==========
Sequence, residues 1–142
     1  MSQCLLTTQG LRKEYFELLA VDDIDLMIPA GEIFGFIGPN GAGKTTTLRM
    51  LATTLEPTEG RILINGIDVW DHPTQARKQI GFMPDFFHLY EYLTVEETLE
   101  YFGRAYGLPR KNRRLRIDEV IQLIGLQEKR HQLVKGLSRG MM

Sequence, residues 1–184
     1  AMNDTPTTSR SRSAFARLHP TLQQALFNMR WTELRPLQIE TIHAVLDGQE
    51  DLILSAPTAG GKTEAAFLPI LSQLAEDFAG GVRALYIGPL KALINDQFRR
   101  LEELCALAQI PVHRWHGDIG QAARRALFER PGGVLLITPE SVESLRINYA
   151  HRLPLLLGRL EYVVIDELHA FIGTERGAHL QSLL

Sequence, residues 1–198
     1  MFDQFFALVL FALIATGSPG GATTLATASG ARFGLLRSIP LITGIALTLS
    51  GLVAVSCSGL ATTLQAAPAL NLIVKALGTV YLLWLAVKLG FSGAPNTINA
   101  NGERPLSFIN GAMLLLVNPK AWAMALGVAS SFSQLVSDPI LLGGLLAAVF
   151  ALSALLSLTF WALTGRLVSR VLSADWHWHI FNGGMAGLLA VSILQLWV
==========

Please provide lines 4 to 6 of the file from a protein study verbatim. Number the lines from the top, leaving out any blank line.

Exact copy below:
   101  YFGRAYGLPR KNRRLRIDEV IQLIGLQEKR HQLVKGLSRG MM

Sequence, residues 1–184
     1  AMNDTPTTSR SRSAFARLHP TLQQALFNMR WTELRPLQIE TIHAVLDGQE